Marty’s on 13th Street

“You don’t seem to understand,” Elena Paulson insisted. “This car does not belong to me.”

The woman stomped her foot, grinding her heel against the pavement to make her point.

She would have wagged a finger at him too, the parking attendant thought in amusement, if she had not been wearing a diamond nearly the size of his head. They were in front of Marty’s, one of the trendiest restaurants in L.A.

He shrugged and held up the keys. “Miss, I am sorry you seem to be having an unpleasant day. But this is the car that you drove up in. Perhaps you’re thinking about one of the other cars you left at home? The Porsche, or the Bentley?”

“You arrogant little prick,” she shot back. “Do you know who I am?”

She actually lifted her sunglasses a little, to give him a peek at her face.

“Miss Paulson, you come here every Wednesday and most Saturday nights, yes, I know who you are.”

“I DID NOT drive here in that car.”

“Miss Paulson,” he said in his kindest, lowest voice. He put the keys in her hand and gently squeezed it shut. “Let’s speak softly, shall we? A scene here on the street in front of the restaurant and the paparazzi will be all over it. They have abused you enough in the press, haven’t they?”

She seemed shocked. For a minute he thought she might just slap him. Instead she took a little step back, nodding her head affirmatively. Sadly, what he said might have been the kindest words anyone said to her all week.

“Now,” he whispered. “Miss Paulson, I realize you’re overwrought. But you must calm yourself. You gave me the keys thirty minutes ago and went into the restaurant. I took it around the back to park it. And I noticed something was wrong with the taillight. Miss Paulson, I looked in your trunk. There was a dead body in there.”

Elena Paulson was quiet. She shoved the dark glasses back over her eyes. She was trembling, just a little. He knew now she’d listen to whatever he had to say.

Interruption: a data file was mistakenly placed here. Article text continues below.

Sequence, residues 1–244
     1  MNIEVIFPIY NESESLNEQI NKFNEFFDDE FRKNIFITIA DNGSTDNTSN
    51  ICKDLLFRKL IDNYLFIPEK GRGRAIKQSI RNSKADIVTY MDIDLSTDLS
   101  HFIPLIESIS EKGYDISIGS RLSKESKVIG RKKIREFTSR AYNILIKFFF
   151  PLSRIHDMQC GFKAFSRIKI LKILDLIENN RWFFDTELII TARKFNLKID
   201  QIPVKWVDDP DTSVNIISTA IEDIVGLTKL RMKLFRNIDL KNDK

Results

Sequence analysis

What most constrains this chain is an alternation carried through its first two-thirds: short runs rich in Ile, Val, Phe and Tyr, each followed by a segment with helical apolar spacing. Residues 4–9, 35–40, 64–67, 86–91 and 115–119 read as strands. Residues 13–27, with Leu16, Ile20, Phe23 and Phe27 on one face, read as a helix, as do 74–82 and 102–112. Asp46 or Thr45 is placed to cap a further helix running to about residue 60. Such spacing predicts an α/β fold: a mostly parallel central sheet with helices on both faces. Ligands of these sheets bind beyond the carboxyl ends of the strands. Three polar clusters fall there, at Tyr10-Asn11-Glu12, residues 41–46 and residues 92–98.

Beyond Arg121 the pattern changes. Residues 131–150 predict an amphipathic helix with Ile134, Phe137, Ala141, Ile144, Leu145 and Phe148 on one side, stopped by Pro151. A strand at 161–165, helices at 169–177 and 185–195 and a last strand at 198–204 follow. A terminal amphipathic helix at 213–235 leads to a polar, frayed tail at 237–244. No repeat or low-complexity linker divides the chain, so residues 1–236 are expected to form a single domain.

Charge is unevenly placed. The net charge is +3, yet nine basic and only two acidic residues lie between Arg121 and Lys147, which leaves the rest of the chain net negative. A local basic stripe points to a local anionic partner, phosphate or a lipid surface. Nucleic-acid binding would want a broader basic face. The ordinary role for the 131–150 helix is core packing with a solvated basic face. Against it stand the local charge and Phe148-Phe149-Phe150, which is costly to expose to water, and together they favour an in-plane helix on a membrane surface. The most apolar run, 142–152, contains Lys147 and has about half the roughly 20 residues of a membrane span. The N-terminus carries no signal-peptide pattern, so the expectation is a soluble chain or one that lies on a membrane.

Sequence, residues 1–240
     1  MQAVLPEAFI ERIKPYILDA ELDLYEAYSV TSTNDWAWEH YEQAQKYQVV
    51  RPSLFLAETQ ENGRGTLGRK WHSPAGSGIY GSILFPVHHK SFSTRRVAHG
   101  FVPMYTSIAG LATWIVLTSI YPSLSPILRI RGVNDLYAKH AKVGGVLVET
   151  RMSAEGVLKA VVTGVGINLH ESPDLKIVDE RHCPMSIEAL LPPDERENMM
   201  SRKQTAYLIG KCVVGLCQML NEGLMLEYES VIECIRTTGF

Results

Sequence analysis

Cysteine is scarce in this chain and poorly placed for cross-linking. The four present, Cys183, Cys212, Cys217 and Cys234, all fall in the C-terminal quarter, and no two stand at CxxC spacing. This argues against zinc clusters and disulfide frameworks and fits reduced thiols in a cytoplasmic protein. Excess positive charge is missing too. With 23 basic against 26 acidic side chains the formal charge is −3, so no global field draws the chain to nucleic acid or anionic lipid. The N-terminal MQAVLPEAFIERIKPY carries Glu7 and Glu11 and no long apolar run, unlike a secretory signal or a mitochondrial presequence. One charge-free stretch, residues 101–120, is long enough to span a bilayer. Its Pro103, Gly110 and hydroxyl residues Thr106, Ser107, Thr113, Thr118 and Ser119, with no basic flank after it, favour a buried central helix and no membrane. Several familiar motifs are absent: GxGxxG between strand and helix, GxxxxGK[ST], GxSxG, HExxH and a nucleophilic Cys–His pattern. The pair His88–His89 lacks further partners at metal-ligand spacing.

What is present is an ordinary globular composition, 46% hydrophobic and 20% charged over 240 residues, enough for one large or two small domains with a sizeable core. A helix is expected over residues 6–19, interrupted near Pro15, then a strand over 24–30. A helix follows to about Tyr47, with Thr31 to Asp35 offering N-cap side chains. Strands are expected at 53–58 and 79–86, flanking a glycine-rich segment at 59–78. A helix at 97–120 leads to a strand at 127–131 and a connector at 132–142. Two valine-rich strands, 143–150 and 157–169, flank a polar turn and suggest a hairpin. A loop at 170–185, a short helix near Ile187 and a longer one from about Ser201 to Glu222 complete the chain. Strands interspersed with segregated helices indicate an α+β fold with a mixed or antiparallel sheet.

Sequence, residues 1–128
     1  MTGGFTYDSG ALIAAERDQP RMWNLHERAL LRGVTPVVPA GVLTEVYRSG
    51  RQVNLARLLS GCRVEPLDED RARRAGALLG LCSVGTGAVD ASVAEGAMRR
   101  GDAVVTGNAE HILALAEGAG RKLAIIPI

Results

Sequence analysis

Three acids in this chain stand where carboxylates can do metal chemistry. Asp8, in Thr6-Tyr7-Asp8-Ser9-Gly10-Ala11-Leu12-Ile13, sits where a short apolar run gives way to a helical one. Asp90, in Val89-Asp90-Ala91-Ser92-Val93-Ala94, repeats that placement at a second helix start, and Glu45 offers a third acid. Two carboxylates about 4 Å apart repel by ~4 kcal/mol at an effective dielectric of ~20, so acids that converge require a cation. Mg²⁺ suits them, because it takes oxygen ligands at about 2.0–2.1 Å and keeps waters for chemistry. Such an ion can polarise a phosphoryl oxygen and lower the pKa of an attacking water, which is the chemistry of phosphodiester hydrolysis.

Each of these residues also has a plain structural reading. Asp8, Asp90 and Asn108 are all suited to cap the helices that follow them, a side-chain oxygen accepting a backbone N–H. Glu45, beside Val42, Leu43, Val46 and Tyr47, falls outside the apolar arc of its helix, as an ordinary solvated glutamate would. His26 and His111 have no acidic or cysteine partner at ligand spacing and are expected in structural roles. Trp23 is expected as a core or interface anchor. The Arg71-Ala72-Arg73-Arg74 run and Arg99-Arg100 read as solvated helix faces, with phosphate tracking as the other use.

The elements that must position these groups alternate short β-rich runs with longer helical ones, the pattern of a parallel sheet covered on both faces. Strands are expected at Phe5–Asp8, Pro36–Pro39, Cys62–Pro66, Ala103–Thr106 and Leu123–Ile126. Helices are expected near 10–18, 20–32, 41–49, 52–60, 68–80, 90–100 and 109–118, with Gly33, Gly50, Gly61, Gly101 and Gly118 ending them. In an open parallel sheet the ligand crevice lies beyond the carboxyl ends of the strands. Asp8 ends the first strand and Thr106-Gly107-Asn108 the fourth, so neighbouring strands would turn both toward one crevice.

“Now, you don’t have to worry about that body anymore,” he told her, his eyes narrowing. “And you should not feel bad about it. You know, you weren’t the only client Wally stole money from. I’m surprised half the city is not after him. It’s people like him that give everyone a bad name.”

She shook her head. “What about my car? DNA evidence…”

There was an edge to her, which he liked. She was working the angles like a good businesswoman. He knew she had it in her. You didn’t get to the top of the music industry without some hardness in you.

“You need not worry about that. We’ll take care of it. Think of this car as being on permanent loan from the owner. We keep it around just in case… one of our clients might need help.”

“And what do you get out of this? How do I know I can trust you?”

“You’ll just have to go on faith,” he grinned. “There won’t be any traces of Wally to find. Our chef has great knowledge of how things should be prepared.”

She rocked back on her stilettos, almost falling over. “Excuse me?” she choked.

“Come now,” he said. ” I own the place, and my son manages it. We’re a family outfit. Now, you did kill the man, regardless. You’re not going to get all high and mighty and vegan are you? Because if you said anything, to anyone, your dirty little business would be out.”

Wally had been an awful boyfriend: a lie, a cheat, and a thief. But she didn’t know how she was going to feel about him being served up as someone’s dinner.

She got in the car, fighting the urge to be sick.

“If you’re squeamish,” the man said, “you may want to skip the prime rib on Saturday.”


 ©2008 Lori Titus


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